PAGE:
- Curiously Krulwich
Nick Cage Movies Vs. Drownings, and More Strange (but Spurious) Correlations
When Tyler Vigen was finishing law school a few years ago, he went on a search for identical twins—not in the real world but in data sets.
So he would find a study like this:
And then keep searching until he bumped into a totally unrelated study, one that looked like this:
Then he’d put one plot line on top of the other, and—lo and behold!—at least wiggle-wise they looked close to identical.
Seeing them coupled like this, it’s hard not to think, just for a second, that, Oh my god, science research causes hanging, strangulation, and suffocation.
I know, I know, that’s wrong. Correlations like these are total accidents. They don’t even imply causation, but when the match is compellingly close, you can’t help telling yourself a this-caused-that story. Tyler calls these “spurious correlations,” which is also the name of his blog. And his new book. They’re wonderfully silly and totally random. Unless …
What If … ?
… unless by some uncanny and particular set of circumstances, one data set did cause the other. I mean, it could happen, right? What looks absurd might, in some weird scenario, be true. But what would the story be?
Well, I looked very closely at some of Tyler’s graphs, closed my eyes, and told myself, Here’s what really (might have? could have?) happened …
So here’s what I imagine: Eating melted cheese in bed isn’t safe. There should be a warning label: “Do Not Bring Cheese Products Into Close Contact With Bed Linen” for the obvious reason that mac and cheese, a warm pizza, or any “soft” cheese like brie or camembert can slip out of one’s sleepy hands, drop onto the bedsheets and create an oily surface that is potentially dangerous—especially to a restless sleeper. Tossing and turning on “cheesed linen” creates extra knots and tangles, and as they say, “Tangles can kill.”
Had Will and Sandra Beckerman read such a warning, they might not have brought a Big Mamma Giant Sicilian pizza to their bed while binge-watching the History Channel’s seven-part series, Sunken Luggage of the North Atlantic. When they lost consciousness during episode seven, their sheets became so slick with mozzarella that it took only one left-to-right body flip to lock Sara’s torso into a knot so tight she lost circulation and ended up in the critical care unit at her local hospital. She survived, but as you can see from the rising black line on our graph, she was one of the lucky ones.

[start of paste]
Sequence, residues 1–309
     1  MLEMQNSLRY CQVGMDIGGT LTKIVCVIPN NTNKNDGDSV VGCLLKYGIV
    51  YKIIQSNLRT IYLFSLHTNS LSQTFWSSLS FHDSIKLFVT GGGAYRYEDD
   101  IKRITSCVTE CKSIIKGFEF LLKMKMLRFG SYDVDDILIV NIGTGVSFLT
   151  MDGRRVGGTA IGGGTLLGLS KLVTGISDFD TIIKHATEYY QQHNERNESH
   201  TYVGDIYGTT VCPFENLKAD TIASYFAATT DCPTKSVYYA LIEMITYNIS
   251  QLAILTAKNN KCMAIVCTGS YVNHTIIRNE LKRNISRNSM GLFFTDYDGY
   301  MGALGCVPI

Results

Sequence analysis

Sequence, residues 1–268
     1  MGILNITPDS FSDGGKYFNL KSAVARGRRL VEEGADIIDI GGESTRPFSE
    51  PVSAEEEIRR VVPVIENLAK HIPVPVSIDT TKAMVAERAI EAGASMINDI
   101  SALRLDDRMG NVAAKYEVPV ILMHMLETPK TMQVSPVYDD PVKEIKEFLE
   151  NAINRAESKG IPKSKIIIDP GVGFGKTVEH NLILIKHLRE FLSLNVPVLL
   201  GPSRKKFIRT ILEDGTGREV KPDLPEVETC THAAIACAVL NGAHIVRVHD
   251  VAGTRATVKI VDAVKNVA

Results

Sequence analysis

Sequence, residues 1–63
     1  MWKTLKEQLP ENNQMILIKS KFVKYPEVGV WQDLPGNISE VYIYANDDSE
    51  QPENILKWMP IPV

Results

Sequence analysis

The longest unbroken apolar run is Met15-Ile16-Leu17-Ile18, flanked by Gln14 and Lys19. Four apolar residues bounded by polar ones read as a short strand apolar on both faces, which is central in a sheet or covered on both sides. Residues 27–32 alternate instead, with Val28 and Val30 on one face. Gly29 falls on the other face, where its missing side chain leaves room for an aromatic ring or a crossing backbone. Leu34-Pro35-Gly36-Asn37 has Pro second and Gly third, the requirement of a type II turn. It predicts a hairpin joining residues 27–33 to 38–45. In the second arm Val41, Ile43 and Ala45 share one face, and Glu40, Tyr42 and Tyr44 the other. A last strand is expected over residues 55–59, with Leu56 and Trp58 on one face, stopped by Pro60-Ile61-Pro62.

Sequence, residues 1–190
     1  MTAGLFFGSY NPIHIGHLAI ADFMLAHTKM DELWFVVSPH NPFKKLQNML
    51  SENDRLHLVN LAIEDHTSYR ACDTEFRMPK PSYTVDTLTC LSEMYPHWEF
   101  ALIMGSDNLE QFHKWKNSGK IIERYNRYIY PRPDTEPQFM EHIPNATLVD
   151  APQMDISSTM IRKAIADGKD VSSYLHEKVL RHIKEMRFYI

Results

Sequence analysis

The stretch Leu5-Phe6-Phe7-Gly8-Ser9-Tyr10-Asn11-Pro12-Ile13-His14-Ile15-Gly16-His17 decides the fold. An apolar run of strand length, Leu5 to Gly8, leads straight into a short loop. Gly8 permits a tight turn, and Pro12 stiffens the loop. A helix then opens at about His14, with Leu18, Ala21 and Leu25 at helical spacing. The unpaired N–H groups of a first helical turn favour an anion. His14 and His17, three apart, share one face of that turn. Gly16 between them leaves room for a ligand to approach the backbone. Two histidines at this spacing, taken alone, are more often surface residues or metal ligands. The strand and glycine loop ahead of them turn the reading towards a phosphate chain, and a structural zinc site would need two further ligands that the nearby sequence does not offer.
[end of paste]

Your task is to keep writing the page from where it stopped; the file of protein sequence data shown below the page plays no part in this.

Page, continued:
So here’s what I imagine: The Nicolas Cage Aquatic Society loves to meet, especially when there’s a new Nick Cage film to see and everybody’s all excited and can jump in the pool and organize themselves into rows, each person treading water, while Nick’s up on the big screen (which hangs above the diving board at the deep end).
Bobbing through a Nick Cage film is, as any Cage-aholic will tell you, the best way to watch our favorite actor at work. When Nick has a really busy year (he made four movies in both 2007 and 2009), so many fans show up poolside that—yes, it’s true—more people than usual fall into the pool and, well … drown. Forensic pathologists were surprised that in many years, most pool drownings took place at Nick Cage Aquatic Swim-ins, but hey, that’s understandable: In Moonstruck, when Nick first sees Cher all dolled up, standing in the moonlight, hair glistening, the night beckoning, he is so bewitched that he can barely breathe. Same for his fans. The ones who stopped breathing? They go up on this graph.
So here’s what I imagine: It all began when the medical journal Bovine Studies found that a daily serving of ordinary sour cream (four ounces a day) can “significantly” reduce the onset of male pattern baldness.
All over America, thin-haired men wondered how effective this remedy really was, so when Wilber Orlander, 41, a dental hygienist from Lorraine, Ohio, showed off his luxuriant hair on Oprah Winfrey’s television show and explained how, for seven years, he brought a cup of 2 percent-fat sour cream on his daily morning commute, ate half, then threw away the rest, his Orlander System became a must-do sensation. Which produced this unfortunate result: So many commuters threw so many half-finished, still creamy sour cream containers from so many motor vehicles on so many American highways after the year 2000 that sour cream became a traffic hazard.
Trucks and automobiles weren’t affected, but even a small splat could create what the graph calls a “noncollision transport accident.” “Avoid the Cream” signs appeared on many interstates, and in 2006, several highway departments dumped baked potatoes onto heavily trafficked areas to add a “clump factor.” (This technique was especially popular in 2006 and dramatically reduced the accident rate, as you can see from the graph, but potatoes-by-the-ton are expensive, and many highway departments had to switch back to salt in 2007. )
Sour cream, as the graph indicates, continues to be a significant traffic safety problem. A ban on driving with unlidded sour cream is now being considered in seven states.
See more of Tyler Vigen’s Spurious Correlations on his website.